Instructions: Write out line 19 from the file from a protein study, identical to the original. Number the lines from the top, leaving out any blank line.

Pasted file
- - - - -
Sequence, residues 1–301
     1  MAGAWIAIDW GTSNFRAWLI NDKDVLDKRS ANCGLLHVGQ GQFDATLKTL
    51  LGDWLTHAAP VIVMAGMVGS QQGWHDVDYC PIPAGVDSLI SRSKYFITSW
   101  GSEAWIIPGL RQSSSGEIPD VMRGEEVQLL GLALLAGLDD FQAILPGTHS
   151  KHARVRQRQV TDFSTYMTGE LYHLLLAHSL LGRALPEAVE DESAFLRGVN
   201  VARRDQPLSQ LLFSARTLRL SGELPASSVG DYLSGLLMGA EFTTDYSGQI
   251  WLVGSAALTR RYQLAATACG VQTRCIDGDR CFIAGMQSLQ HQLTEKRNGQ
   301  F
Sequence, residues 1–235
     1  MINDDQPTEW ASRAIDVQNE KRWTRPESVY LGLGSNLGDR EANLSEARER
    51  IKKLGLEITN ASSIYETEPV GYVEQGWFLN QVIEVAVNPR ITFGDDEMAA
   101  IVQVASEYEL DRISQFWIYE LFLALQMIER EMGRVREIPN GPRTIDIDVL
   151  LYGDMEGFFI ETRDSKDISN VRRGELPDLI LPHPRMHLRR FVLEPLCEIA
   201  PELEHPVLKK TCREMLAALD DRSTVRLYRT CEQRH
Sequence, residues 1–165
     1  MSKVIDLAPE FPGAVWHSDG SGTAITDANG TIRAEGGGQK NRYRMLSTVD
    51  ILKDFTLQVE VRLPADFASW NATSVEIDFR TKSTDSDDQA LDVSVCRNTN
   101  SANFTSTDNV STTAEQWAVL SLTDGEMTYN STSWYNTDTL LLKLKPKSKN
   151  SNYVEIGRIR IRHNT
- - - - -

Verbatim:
   151  SNYVEIGRIR IRHNT